Linked by Thom Holwerda on Mon 9th Feb 2009 20:55 UTC, submitted by poundsmack
Legal The legal case between Apple and Psystar has just taken another, very small turn. Psystar gained a small victory over Apple today, because U.S. District Court Judge William Alsup allowed Psystar to modify its counter-suit against Apple, after he had dismissed the original counter-suit. However, something more interesting came out of this ruling: the judge hinted at what would happen if Psystar were to win.
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welcome the clones!
by kristoph on Mon 9th Feb 2009 21:14 UTC
kristoph
Member since:
2006-01-01

My family and I are big fan's of Apple products. I have 4 Apple machines in my home office alone, and we have 7 in the house, excluding assorted iPods, iPhones, Keyboards and whatnot.

I frankly welcome the news that there may be Apple clone's on the market.

I'd love to be able to run Mac OS X on a variety of devices, especially netbooks and the cheaper small footprint devices I can use as single purpose equipment.

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Reply Score: 1

RE: welcome the clones!
by fmaxwell on Mon 9th Feb 2009 21:43 in reply to "welcome the clones!"
fmaxwell Member since:
2005-11-13

The concern that Apple fans have is that companies like Psystar will produce marginally compatible systems or produce systems which are less well-engineered and tested than Apple's products.

Apple has managed to maintain a much higher reliability than Microsoft by being able to fully test all shipped hardware configurations with each major software release. They don't have to worry about whether it will work on some random Gigabyte motherboard. They don't have to be concerned that some user will change some BIOS setting (they can't on an Apple) rendering the system non-bootable.

I like being able to buy OS X for $120. I don't want to have to pay $200 because Apple has been fielding calls from Psystar owners with semi-compatible, or unreliable, hardware.

Nor do I believe that the average consumer is intelligent enough to recognize or buy quality. As we have seen in the Windows market, what sells is price, not quality, reliability, compatibility, etc. When that happens, reliability and longevity suffer.

Reply Parent Score: 1

RE[2]: welcome the clones!
by segedunum on Mon 9th Feb 2009 23:13 in reply to "RE: welcome the clones!"
segedunum Member since:
2005-07-06

The concern that Apple fans have is that companies like Psystar will produce marginally compatible systems or produce systems which are less well-engineered and tested than Apple's products.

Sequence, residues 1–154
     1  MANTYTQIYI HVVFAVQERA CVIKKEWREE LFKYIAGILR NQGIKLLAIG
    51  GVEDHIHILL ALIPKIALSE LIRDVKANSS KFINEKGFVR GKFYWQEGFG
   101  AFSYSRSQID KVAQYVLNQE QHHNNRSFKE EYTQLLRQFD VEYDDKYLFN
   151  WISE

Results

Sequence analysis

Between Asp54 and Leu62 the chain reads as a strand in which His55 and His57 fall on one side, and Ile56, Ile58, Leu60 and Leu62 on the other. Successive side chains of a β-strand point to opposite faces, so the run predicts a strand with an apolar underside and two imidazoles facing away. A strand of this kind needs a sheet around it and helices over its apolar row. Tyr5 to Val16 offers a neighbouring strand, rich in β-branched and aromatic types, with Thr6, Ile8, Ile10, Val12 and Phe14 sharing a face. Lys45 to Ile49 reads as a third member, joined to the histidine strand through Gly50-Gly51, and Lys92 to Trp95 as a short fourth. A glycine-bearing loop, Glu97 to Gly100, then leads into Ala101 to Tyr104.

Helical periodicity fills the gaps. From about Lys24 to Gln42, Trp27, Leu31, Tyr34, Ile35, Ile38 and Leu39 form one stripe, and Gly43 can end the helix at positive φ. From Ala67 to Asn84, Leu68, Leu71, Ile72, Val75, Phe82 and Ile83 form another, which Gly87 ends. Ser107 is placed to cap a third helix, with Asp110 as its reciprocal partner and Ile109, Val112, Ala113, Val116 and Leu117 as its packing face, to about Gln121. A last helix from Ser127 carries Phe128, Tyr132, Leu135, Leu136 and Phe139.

I have news for you. Apple's computers are cheap, standard Intel machines with bog standard PC parts of questionable quality (you always get the lowest spec Western Digital hard drive Apple can provide) in order for Apple to sell the machines at a premium and make a nice profit - for nothing very much.

Those margins on the hardware can only be kept in place if gullible people like you keep thinking that Apple machines are of a higher quality than a standard PC, so shhhhhhhhhhh.

Nor do I believe that the average consumer is intelligent enough to recognize or buy quality.

You're right. They're not. ;-)

Reply Parent Score: 15

RE[2]: welcome the clones!
by Lu-Tze on Tue 10th Feb 2009 01:39 in reply to "RE: welcome the clones!"
Lu-Tze Member since:
2006-01-10

If Apple were to support calls from Psystar customers, I am guessing Apple will charge for them for the service. Why would it increase your price for OS X? Wouldn't that be an even better way for Apple to show that buying hardware from them is better - even economical - because you won't need to pay for the support since everything will just work...

Reply Parent Score: 4

RE[2]: welcome the clones!
by google_ninja on Tue 10th Feb 2009 02:08 in reply to "RE: welcome the clones!"
google_ninja Member since:
2006-02-05

Noone is saying they have to support them.

Reply Parent Score: 3

RE[2]: welcome the clones!
by rockwell on Thu 12th Feb 2009 17:08 in reply to "RE: welcome the clones!"
rockwell Member since:
2005-09-13

//Apple has managed to maintain a much higher reliability than Microsoft by being able to fully test all shipped hardware configurations with each major software release//

Microsoft is in the hardware business? Since when?

Reply Parent Score: 2

RE: welcome the clones!
by jefro on Mon 9th Feb 2009 22:04 in reply to "welcome the clones!"
jefro Member since:
2007-04-13

There have been a few Apple clones on the market already. I don't think that is the issue.

My issue is whether the software is tied to the purchase of the machine. In any other product you wouldn't have any legal grounds. If Firestone said you can only use our tires on a Ford product any normal person would think that is unfair trade practices. The other reason is if the software is being sold below cost in order to force you into a hardware purchase.

I also don't agree with the claim that you are not buying software. You only get an agreement. If they give me media then I have software.

I think Apple is a trying a legal battle that they feel would scare anyone away, even they know they are nuts.

Reply Parent Score: 5